Reconnaissance Survey

This survey consists of a rapid and rough investigation of the area with a view to determine the technical feasibility of the proposal as well as the rough cost of one or more alternatives to the new line. The reconnaissance survey (RECCE) is normally based on contoured survey maps and other data already available without carrying out detailed investigations in the field. With the help of the maps, different alternative alignments of the new line are studied.

The general topography of the country is studied by the survey team and then field data are collected.

4.5.1 Survey Instruments

The reconnaissance survey is mostly conducted using survey instruments that rapidly measure approximate distances and heights. The survey instruments used are the following:

Prismatic compass To get magnetic bearings of the proposed alignment. Aneroid barometer To ensure relative heights of various points.

Abney level or hand level or clinometer To measure the gradients or angles of slopes.

Binocular To view the physical features.

Pedometer To get an idea of the total length traversed while walking.

4.5.2 Modern Surveying Instruments and Techniques

Modern surveying instruments make extensive use of infrared beams, laser beams, as well as computers. Using these instruments, it is possible to carry out fairly accurate surveying efficiently at all times, eliminating human error.

Electromagnetic Distance Measurement (EDM) Instruments

EDM instruments rapidly and automatically measure both horizontal and vertical distances. The readings can be displayed on built-in computer screens. Examples of such instruments are the geodimeter and the tellurimeter, which have been used in the past for electronic distance measurement of up to 80 km during day or night. Modern EDM instruments are much more advance and versatile.

Use of Computers

The results of the field survey are recorded in the form of angles and distances in the normal field book or electronic notebook. Using computers, it is possible to do all calculations as well as plot accurately. Thus, output from the EDM can be fed into the computer, which in turn can plot plans and sections.

Use of Laser in Surveying

Laser is an acronym for light amplification by stimulated emission of radiation. Its property of low diversion is used for alignment purposes. The invisible line of sight in ordinary survey instruments is replaced by the bright red beam of the Laser. This beam is intercepted by the target composed of light-sensitive cells connected to the display panel. Its most important aspect is that the beam is in a perfect straight line. Distances up to 70 km can be measured using laser. For short distances infrared beams are used.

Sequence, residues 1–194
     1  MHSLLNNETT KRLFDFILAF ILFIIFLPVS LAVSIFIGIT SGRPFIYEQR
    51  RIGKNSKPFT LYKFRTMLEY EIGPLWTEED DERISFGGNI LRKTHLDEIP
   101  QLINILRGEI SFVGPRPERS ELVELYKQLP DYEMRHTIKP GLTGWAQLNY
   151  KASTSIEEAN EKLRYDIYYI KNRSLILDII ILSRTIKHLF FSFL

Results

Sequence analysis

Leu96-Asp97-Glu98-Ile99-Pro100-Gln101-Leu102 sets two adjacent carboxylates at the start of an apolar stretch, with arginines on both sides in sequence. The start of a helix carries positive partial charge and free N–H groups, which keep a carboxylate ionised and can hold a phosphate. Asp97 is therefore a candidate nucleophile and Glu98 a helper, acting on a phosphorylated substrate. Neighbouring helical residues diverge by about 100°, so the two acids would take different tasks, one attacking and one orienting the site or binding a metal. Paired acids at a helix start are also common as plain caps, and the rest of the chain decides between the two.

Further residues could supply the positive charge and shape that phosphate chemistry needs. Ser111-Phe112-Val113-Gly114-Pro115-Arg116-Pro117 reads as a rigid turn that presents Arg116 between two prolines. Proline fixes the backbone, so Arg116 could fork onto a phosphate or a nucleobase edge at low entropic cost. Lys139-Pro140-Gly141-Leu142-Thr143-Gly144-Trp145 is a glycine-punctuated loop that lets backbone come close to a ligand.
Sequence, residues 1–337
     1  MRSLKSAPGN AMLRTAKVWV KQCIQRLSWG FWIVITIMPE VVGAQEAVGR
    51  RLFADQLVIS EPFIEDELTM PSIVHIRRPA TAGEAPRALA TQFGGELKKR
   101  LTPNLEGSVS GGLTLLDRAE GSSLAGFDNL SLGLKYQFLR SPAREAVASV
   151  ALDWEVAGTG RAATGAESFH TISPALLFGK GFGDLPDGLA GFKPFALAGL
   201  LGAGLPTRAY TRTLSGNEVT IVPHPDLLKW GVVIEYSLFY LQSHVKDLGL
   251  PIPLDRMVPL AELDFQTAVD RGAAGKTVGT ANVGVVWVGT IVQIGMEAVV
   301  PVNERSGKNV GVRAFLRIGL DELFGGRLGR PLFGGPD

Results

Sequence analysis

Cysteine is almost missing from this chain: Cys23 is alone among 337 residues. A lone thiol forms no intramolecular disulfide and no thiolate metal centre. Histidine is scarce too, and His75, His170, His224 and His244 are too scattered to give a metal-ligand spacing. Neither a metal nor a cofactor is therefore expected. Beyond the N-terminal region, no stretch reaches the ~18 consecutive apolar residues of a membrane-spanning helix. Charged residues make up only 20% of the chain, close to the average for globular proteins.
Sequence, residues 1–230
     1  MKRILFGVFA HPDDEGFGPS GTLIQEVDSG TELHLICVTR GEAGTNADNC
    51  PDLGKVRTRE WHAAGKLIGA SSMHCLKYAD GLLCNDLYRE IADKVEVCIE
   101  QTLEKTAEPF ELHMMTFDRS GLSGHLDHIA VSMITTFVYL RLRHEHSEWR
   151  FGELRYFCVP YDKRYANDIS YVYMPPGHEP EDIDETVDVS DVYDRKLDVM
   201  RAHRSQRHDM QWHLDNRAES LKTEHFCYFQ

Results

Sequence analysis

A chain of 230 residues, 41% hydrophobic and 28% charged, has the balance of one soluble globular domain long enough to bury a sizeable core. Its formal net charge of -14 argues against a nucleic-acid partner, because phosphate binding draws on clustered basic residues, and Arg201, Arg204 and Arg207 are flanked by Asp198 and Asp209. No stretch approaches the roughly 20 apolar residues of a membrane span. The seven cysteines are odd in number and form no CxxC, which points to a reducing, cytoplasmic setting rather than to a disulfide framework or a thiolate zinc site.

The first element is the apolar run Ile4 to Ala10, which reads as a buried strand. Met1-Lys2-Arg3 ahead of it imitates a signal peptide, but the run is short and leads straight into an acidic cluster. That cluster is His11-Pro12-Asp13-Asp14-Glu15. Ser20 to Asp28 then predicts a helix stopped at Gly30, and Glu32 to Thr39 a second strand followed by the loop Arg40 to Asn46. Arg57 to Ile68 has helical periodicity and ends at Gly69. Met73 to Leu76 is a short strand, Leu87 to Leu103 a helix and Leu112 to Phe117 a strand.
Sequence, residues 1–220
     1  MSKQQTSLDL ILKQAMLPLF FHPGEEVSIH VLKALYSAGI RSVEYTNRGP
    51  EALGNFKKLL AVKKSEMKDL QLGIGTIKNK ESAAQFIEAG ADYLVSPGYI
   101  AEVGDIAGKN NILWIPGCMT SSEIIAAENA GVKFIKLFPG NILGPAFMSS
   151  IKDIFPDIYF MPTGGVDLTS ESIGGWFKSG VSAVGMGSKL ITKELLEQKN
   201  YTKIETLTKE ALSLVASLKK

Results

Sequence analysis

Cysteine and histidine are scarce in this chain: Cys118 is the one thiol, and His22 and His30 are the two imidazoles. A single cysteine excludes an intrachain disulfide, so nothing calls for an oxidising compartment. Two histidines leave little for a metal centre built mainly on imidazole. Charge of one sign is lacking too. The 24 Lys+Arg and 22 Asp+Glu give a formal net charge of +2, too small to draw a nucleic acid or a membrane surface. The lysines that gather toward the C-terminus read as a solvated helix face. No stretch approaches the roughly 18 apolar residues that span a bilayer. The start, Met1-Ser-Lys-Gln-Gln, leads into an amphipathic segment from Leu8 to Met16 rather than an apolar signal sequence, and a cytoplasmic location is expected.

4.5.3 Field Data

The following field data are collected during the reconnaissance survey.

(a) General topography of the country

(b) Approximate heights of the different points falling on the alignment

(c) Positions of rivers, streams, and some hydrological details of the same

(d) Positions of roads and highways

(e) Nature of soil at different places

(f) Rough location of various station sites

(g) Controlling points on the alignment, through which the railway line must pass

(h) Facilities for construction

4.5.4 Project Report for Reconnaissance Survey

Based on the above data, a report should be prepared by the engineer in charge of the project bringing out clearly from the financial point of view whether or not the prospects of the line surveyed are such as to make it worthwhile to undertake further investigations to construct the line. The project report should be accompanied by an abstract estimate of the cost of the line.

The report and estimate should be accompanied by a map of the area on a scale of 20 km to 1 cm and an index map of 2.5 km to 1 cm.

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